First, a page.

High- and low-brow cultural goings-on in the Second City, brought to you by a roving microtechnoanthropologist

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Location: Chicago, Illinois, United States

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Tuesday, March 22, 2005

Destiny Manifest and Machine Knit

There was a rush basket and a river involved in my winding up as a part of my family. I regularly get an Amen! on that score from those who know me well. As my pal M noted, I'm not just an ideological sport in my family, there's physical dissimilarity, too.

The lack of physical resemblance is at least partly the result of personality. I don't have the Superfans accent. I have body language very different from most of the family, and I'm overall more reserved and introverted than either my parents or my siblings.

In still photographs, the difference falls away, to some extent. When my little brother attended good old St. Mary: Star of the Sea grammar school, my mother worked as an Office Lady (and yet, Stink remains the most normal of my siblings, go figure). Because of this, I learned that they cruelly keep class pictures on file (there go all thoughts of running for office). My mother dug out my photos and another office lady looked over and said, "Why is Steve wearing a wig?" Sure enough, we both bore the default Clan Og face at that age.

On an eerier note, my parents have a framed photograph that probably dates to 1880 or so. I am the spitting image of the woman in the photograph, and we have no idea who she is.

The photo came to us via my father's Aunt Elsa, a life-long spinster who worked as a See's Candies lady in San Francisco. About once a year, she would come to Chicago to stay with us and visit various other relatives on my dad's side. I can't now recall whether I really enjoyed her visits or not. I know that my mother and older sisters found her critical and exacting, which amounts to a chorus of yodelling pots and kettles. I do have a vivid memory of the fight that ensued when she scoffed at my sisters' obsession with their appearance, boasting that she only washed her hair (long, thick, and beautifully silver) once a week.

I do recall one moment of clarity regarding my feelings about her. When my genius parents decided that the best possible present for a seven year old was not, in fact, a Snoopy snow cone machine, but the news that our family was about to get bigger, I burst into tears. My mother asked if I understood what she meant, but I was too firmly in the grip of despair to answer. She turned it into multiple choice

Evil Mother: "Does it mean [our dog] is going to have puppies?"

Traumataized Waif: "NOOOO!" (although, incidentally, she did have puppies just a bit more than a year later).

Evil Mother: "Does it mean Aunt Elsa is going to come live with us?"

Traumatized Waif: (Knowing the answer is no and suddenly realizing how much better it would be than the alternative) "NOOOO. You're gonna have a BABY!"

In the early 80s, my dad got a call from some of Elsa's neighbors. They'd noticed that she seemed a bit out of things and were worried that she couldn't take care of herself any longer. He flew out to San Francisco, and found her quite physically ill. She was diagnosed with pancreatic cancer, and my dad flew back to Chicago with her. A few weeks later, he flew back to make arrangements to clear out her apartment and have her things sent to Chicago.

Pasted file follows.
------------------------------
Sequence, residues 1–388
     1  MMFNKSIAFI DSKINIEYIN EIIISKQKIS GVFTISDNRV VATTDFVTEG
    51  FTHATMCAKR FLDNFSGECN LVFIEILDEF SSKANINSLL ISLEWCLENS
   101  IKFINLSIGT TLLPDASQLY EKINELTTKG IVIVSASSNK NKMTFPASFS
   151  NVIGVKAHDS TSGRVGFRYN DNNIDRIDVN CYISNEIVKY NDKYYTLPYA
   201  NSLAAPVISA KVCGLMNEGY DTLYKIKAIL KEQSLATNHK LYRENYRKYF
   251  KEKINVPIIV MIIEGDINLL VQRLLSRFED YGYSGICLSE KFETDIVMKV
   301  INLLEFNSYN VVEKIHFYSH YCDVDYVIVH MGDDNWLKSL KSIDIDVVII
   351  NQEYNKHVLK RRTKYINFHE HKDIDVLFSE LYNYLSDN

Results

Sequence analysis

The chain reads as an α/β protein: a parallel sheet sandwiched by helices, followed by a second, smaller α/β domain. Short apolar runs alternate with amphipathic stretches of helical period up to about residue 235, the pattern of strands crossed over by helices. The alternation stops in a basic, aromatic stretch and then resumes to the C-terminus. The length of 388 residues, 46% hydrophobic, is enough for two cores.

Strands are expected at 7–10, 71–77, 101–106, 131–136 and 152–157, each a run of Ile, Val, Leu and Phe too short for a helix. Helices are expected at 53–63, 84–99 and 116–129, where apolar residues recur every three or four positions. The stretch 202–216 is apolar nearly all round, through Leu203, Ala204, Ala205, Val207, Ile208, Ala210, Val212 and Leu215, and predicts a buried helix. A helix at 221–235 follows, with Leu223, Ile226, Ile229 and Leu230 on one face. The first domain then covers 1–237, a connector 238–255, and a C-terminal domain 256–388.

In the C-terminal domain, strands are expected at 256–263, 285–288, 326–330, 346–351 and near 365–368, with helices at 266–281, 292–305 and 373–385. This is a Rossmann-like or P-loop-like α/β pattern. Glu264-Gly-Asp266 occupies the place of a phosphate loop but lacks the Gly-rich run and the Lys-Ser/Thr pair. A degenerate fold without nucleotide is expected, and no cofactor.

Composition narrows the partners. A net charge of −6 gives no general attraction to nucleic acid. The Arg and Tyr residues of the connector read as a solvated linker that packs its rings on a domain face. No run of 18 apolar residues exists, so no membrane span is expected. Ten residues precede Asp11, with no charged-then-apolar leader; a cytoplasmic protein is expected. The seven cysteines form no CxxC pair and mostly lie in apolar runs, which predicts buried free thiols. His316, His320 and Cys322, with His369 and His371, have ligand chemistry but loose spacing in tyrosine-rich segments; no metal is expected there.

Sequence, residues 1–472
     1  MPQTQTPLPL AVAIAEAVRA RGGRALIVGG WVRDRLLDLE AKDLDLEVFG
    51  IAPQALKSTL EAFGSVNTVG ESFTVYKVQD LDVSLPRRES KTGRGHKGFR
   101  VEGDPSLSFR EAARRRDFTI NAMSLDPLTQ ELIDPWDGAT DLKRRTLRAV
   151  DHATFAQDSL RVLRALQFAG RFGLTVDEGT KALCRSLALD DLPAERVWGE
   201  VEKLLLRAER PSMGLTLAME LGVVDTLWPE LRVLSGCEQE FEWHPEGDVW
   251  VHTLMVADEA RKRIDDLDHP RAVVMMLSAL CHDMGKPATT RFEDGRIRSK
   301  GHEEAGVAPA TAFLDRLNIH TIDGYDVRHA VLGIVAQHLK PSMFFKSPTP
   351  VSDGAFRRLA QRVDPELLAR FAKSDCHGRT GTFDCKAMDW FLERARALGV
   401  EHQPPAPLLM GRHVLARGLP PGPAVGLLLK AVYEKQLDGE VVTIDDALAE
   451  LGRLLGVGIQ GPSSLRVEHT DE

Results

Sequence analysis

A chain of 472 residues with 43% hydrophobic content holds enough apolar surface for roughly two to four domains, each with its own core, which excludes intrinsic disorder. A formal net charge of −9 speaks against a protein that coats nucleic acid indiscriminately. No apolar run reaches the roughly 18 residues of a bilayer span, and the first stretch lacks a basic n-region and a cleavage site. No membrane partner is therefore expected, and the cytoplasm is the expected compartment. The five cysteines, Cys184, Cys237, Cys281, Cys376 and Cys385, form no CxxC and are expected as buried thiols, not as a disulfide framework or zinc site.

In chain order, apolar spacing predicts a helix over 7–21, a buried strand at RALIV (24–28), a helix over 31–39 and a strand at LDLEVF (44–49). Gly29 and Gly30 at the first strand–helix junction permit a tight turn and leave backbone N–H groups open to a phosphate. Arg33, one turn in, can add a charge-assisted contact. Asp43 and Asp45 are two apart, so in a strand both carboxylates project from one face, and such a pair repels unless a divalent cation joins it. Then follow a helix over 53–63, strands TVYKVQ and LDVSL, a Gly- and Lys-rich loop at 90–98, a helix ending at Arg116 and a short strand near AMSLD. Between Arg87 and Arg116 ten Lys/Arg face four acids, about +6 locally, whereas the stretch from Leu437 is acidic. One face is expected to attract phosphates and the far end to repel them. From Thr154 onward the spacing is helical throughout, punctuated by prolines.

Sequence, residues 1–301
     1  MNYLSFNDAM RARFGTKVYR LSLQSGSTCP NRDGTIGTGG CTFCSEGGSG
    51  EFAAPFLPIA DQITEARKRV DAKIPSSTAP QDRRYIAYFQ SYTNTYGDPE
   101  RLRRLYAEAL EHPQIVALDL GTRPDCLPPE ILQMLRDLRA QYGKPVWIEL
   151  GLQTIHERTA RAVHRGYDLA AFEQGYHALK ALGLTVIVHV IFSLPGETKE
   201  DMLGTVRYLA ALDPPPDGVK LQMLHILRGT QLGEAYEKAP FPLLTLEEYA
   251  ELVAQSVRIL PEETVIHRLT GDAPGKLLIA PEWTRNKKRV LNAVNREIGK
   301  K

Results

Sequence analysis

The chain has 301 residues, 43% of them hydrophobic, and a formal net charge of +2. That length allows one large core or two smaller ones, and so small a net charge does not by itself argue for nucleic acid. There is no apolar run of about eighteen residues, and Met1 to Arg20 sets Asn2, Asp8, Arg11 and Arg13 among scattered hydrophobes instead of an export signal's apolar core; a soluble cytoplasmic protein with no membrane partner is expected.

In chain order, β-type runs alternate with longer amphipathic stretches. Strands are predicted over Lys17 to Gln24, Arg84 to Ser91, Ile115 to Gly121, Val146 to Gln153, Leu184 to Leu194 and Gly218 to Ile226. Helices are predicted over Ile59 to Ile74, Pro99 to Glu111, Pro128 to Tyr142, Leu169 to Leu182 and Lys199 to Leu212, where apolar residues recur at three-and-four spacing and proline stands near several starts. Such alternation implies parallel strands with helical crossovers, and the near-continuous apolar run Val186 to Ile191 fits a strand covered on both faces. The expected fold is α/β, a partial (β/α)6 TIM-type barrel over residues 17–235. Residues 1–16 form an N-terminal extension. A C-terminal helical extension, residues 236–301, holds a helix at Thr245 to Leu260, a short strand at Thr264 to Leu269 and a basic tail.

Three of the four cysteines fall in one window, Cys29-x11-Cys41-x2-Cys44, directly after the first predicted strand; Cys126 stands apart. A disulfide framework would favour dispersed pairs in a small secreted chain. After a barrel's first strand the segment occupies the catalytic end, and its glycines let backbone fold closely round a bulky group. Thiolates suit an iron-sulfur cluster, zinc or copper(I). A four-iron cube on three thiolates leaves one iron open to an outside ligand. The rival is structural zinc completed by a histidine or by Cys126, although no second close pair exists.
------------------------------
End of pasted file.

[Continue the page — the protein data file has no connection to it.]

Among these was a Tiffany Vase with a piece of masking tape on the bottom pricing it at $3. There was also a beautiful secretary desk replete with fascinating drawers and cubby holes containing a lifetime's worth of curious objects. Many times I resisted the urge to dismantle an intricately folded silver certificate dollar bill, knowing I'd never be able to restore it to its original state. There was also a wealth of personal tidbits that she'd have died before revealing. For example, she took dancing lessons at an Arthur Murray studio for years. The photograph was also in this desk, oddly enough not displayed in the top hutch, but tucked away in a hidden drawer.

Once we had her back in Chicago, doctors here realized that she didn't have any kind of cancer at all. Some of the symptoms she'd been experiencing had been caused by her eating efferdent tablets, having mistaken them for alka seltzer. She was physically sound and mentally failing. She spent about three years in a few different nursing homes before she died on Thanksgiving Day in 1987.

I was the last family member to see her alive. At the time, I was fairly involved in volunteer work through my Parish Youth Organization. About once a month, we visited nursing homes and played bingo with the patients. I'm sure I'd been told that Elsa was sick, but somehow it hadn't penetrated that she was Sick. I skipped the last game and went up to her room, because I'd promised my dad that I would. I sat uselessly by the side of her bed for a few minutes talking awkwardly in her direction (she was unconscious by this point), and thought how much she would have hated having her hair down and all in a mess. At the time I felt foolish and put upon, but when my sister told me the next morning that she died, I positively howled in grief for a woman I was far from close to. Sometimes grief just sneaks up on you.